Network Like a Consultant
A job seeker sent Liz this question, and she answers it in this column.
I'm on a job hunt for a Marketing job, and I've been happy that many of my friends and colleagues have made introductions for me.
So, I go and meet these new people for lunch or brunch or coffee, and I tell them about my job history and about my current job search. They listen politely and the conversation ends.
Although I'm sure there are jobs in their employers (mostly large companies), I haven't yet had one of these friends-of-friends hand in my resume to HR, or make another introduction in the company for me. I'm hitting a brick wall. What am I doing wrong?
It sounds as though you're networking with a goal in mind - the goal that each new person you meet is a conduit to your ultimate (new-job) pot of gold. That philosophy is very easy for your new acquaintances to pick up on.
Most people don't love to feel that they're taking time out of their day simply to serve as the means to an end for a person they don't know.
A very good question that may be playing over and over in each coffee-partner's head is "Why should I introduce this person to our HR manager?" Their thinking is probably going something like this:
This person, Margie, is a friend of my friend Jane. Well, Jane is awesome and everything, but I've got three actual friends of mine who are also job-hunting. I know them and can recommend them. Why would I jump into action and pass along this Margie's resume, since I don't know her from Adam and since it's clear that the only reason she's meeting me today is to enroll me in her job-search army?"
Sorry if that sounds harsh, Margie, but we can't network without keeping authentic, typical, interpersonal relationships in mind. It feels reasonable to you to ask a relative stranger to make an introduction into his employer for you, but it often feels like an imposition to the person being asked.
Imagine how many times that employed person has been hit up for introductions to HR folks and hiring managers, in the course of his employment at that firm! There is a better way to network and to cultivate relationships that can both help your new acquaintance and widen your circles (of contacts, and influence). Here's how to do it.
The next time you meet a friend-of-a-friend for lunch, don't rattle off your career history and job search specifics. Rather, interview the person. Treat the coffee date as a get-to-know-you and consulting-type interview:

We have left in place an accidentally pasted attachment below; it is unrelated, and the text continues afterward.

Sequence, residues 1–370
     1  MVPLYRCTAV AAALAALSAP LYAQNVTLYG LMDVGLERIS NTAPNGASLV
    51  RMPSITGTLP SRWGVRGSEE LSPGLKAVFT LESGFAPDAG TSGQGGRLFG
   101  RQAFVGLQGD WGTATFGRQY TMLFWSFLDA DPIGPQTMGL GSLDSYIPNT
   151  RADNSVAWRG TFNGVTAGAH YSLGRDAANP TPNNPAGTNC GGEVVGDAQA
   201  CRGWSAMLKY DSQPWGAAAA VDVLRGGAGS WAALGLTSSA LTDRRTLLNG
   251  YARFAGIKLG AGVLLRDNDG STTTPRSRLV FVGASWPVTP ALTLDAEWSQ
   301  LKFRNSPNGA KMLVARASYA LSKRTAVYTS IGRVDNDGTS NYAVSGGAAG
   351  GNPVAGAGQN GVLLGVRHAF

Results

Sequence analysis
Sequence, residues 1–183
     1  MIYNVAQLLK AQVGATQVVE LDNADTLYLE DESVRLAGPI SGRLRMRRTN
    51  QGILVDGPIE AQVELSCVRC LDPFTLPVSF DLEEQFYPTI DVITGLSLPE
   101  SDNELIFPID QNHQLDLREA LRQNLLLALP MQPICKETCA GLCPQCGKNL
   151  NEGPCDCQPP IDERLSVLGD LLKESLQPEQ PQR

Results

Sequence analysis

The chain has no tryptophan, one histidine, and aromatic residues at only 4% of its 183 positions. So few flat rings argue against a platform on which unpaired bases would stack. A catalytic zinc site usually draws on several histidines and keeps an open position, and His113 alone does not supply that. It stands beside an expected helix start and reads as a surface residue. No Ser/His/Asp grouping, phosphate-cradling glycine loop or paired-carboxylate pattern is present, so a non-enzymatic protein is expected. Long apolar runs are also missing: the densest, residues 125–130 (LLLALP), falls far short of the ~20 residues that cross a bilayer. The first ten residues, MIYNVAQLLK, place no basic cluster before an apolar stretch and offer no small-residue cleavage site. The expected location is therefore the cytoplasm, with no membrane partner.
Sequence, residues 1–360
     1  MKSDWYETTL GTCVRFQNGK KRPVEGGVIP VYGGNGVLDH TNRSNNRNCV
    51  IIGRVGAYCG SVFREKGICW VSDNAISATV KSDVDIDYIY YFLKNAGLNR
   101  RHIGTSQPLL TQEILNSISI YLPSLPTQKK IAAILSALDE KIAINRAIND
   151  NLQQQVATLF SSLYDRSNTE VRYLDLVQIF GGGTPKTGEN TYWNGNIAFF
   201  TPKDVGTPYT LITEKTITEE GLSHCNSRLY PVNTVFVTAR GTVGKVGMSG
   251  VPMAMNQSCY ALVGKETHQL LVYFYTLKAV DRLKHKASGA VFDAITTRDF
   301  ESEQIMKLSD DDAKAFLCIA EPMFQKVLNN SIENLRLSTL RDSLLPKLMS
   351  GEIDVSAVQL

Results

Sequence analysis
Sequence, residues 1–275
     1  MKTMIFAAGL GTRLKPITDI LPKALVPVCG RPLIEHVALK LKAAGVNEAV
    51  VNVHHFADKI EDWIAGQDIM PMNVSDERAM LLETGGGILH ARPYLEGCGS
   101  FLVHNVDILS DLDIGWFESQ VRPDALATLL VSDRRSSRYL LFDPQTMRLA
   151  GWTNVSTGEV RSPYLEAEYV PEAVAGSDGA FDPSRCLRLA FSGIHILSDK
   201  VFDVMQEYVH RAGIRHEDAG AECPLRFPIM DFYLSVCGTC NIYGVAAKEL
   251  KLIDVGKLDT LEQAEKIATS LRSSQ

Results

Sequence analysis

- Ask the great, penetrating questions that a consultant would ask.
- Learn about your new buddy's work, his or her challenges, what he or she likes about the
job and doesn't like.
- Ask, especially, how you can help him or her. Perhaps your new friend is ready to job-hunt himself. Maybe you can make an introduction or two.
Why must your job search be the topical focus for the meeting? No reason at all. Networking is best when it's focused on the other person, and not on you.
Now, let's say you've established a great early-stage rapport and level of trust during your conversation. Dig into the issues your new friend has on his plate. I'd be surprised if you don't have sage advice about something he's struggling with at the office right now.
Give that advice right there, at the table, for free - that's what networking is all about. If you do that, you'll see that the conversation becomes much more interesting, and so do you - to your new pal.
You're more impressive and more connected to your fellow networker when you show him that you can listen carefully and suggest dead-on solutions to his problems. Suddenly, you're someone he's glad to know - not a living, breathing obligation that he's bound to fulfill for his old friend Jane.
Here's a side benefit to the "networking like a consultant" approach. As your new friend heads back to his office and thinks about your discussion, you may get a phone call. "Say Margie, would you by chance be free to take on some contract work for our department? I love your idea for an interactive catalog." Networking like a consultant can lead to (surprise!) consulting work.
That's not a bad thing to fund your life during your job search, and of course, indispensable consultants get hired on as full-time employees all the time. Give up the me-first networking, and see what wonderful things can result.
Give up the me-first networking, and see what wonderful things can result.
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About this author:
Liz Ryan is Job-Hunt's Networking Contributor. Liz is a former Fortune 500 VP and 25-year veteran of corporate human resources departments. In addition, Liz is the author of Happy About Online Networking, moderator and coach of AskLizRyan and an internationally recognized expert on careers and the 21st century workplace. Find Liz on LinkedIn and on Google+.